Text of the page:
Miracle Moments: Wild-Born Calves Bring Joy to Elephants Raised by DSWT

The David Sheldrick Wildlife Trust’s (DSWT) Orphans’ Project has achieved a remarkable milestone with the recent birth of wild-born babies to elephants raised and nurtured by the Trust.

This achievement not only signifies the success of the Orphans’ Project but also underscores the ability of rescued elephants to thrive and lead natural lives in the wild.

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In a genuinely significant month, three members of the Ex Orphan herd at Ithumba, including matriarch Yatta and her adopted sisters Sunyei and Nasalot, welcomed healthy calves, bringing the total count of wild-born babies to an impressive 28.


This milestone highlights the Trust’s success in rescuing and raising orphaned elephants and showcases the natural expansion of the Ex-Orphan herds.

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Yatta, rescued at just one-month-old in 1999, returned to her former stockades in October 2017 to celebrate the birth of her second calf, a robust little boy named Yoyo.

The palpable joy within the herd during this celebration marked a profound moment for the Ex-Orphan family and their human caretakers.


A week later, Nasalot arrived at the Nairobi Nursery in 2000 as a few months old orphan and celebrated the birth of her first calf, a playful little bull named ‘Nusu.’

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Nasalot’s journey from a restless orphan to a first-time mom exemplifies the Orphans’ Project’s transformative impact and the resilience and adaptability of these elephants.

The month of celebration continued with Sunyei, rescued as a tiny infant, giving birth to a healthy girl named Siku.


Sunyei’s return to the fences with her newborn showcased the deep Trust and bond elephants share with their human caregivers, emphasizing the success of raising orphans to lead natural lives in the wild.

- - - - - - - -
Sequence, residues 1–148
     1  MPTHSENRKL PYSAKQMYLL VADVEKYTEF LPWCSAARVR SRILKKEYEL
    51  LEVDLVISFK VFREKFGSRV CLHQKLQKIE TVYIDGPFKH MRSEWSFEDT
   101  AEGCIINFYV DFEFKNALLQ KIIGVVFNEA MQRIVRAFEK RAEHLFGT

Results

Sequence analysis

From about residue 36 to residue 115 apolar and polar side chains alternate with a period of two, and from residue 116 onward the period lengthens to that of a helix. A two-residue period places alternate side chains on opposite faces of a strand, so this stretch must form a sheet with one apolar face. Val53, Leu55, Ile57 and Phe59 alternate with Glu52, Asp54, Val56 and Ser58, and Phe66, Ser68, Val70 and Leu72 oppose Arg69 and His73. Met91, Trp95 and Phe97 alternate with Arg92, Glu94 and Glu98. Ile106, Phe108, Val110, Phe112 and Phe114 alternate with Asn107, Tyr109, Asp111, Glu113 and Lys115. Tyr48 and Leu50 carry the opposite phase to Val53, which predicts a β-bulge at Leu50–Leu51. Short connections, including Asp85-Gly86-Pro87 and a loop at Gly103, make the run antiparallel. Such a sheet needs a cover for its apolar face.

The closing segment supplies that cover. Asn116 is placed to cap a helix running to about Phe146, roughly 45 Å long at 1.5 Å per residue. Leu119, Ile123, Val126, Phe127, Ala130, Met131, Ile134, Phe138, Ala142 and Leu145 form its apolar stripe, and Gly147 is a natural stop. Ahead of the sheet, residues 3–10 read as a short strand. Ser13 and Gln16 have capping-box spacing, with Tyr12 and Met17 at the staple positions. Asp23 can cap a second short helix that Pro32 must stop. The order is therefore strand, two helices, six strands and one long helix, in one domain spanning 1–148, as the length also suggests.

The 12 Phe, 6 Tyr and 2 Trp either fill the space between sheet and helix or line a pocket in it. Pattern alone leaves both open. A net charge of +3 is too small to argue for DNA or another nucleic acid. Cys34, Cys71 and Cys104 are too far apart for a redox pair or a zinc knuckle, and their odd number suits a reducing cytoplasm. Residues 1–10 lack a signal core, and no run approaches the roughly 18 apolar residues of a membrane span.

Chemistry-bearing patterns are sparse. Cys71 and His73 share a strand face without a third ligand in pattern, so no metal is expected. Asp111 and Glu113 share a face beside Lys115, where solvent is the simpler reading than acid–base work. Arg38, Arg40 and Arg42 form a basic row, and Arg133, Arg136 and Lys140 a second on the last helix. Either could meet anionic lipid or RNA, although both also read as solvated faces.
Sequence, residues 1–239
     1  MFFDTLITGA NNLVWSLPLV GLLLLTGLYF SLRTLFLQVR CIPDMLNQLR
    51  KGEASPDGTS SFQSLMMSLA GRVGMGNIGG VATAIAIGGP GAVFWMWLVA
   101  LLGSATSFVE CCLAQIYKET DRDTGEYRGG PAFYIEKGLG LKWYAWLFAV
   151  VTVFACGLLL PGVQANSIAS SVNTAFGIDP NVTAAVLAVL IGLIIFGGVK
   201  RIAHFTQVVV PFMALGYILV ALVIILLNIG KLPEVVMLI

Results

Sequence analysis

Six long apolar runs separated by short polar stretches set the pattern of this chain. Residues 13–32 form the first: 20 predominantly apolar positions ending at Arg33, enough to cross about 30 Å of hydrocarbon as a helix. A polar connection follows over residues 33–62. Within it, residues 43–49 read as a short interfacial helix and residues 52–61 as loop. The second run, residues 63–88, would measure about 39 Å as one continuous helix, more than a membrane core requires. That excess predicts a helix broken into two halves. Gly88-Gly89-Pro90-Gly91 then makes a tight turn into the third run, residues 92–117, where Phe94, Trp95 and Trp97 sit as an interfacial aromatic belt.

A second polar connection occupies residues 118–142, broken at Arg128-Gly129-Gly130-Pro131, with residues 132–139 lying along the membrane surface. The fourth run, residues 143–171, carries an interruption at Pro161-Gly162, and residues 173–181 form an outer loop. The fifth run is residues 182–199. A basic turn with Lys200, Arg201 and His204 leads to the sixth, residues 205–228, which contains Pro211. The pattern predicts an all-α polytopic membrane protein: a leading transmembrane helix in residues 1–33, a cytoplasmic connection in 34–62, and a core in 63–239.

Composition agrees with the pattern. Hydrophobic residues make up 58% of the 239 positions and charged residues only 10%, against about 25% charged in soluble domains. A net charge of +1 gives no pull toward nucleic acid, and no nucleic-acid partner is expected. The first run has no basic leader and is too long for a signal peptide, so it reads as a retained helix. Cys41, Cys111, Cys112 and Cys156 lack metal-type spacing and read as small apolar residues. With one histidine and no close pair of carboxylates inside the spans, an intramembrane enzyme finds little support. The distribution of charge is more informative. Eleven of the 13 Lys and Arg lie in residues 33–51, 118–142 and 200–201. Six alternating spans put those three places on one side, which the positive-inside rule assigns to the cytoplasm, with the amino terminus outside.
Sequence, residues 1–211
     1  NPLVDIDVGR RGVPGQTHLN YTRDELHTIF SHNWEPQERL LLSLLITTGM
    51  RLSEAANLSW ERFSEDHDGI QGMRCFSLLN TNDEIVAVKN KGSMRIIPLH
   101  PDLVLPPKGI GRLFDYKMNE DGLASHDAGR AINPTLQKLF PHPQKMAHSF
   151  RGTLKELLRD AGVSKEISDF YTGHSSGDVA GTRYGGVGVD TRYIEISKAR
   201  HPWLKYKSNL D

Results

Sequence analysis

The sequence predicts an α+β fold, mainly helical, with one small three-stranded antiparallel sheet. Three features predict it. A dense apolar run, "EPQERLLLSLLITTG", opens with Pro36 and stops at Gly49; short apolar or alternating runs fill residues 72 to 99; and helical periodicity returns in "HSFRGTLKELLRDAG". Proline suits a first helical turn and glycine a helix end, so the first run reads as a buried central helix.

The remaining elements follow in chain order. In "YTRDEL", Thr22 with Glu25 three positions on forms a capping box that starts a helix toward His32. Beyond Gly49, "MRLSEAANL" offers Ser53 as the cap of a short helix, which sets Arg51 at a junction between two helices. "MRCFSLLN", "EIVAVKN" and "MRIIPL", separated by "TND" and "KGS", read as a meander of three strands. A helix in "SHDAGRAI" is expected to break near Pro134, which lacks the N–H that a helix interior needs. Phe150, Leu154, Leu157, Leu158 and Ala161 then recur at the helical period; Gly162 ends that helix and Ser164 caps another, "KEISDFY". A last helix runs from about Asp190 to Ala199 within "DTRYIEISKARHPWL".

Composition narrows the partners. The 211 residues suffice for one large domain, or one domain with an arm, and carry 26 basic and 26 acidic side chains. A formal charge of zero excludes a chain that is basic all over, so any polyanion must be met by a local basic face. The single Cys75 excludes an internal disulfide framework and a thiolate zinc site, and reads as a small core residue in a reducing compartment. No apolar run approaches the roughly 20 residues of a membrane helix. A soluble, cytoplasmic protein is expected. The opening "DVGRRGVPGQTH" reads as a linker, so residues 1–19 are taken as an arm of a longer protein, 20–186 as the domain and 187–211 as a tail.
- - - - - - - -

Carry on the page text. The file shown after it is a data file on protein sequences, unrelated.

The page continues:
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The Ex Orphan herds, including the new additions, are gradually evolving into a composition that mirrors a wild pack, complete with sisters, aunts, teenage calves, and newborns.

The Trust, caretakers, and the Ex Orphan herds’ collaborative efforts have played a pivotal role in achieving this harmonious transition.


As the Ex Orphan herds continue to flourish, the success of the Orphans’ Project is evident not only in the number of orphans successfully reintegrated into the wild but also in the growing number of wild-born calves.

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The interconnectedness of the Trust’s’ projects, including mobile veterinary units and anti-poaching teams, ensures the safety and security of all wildlife in Tsavo.

The DSWT expresses profound gratitude for the support that allows them to continue their vital work in rescuing, raising, and protecting elephants.


The births of Yoyo, Nusu, and Siku stand as a testament to the enduring impact of the Orphans’ Project, offering hope and inspiration for the continued conservation efforts to protect and preserve these magnificent creatures in their natural habitats.

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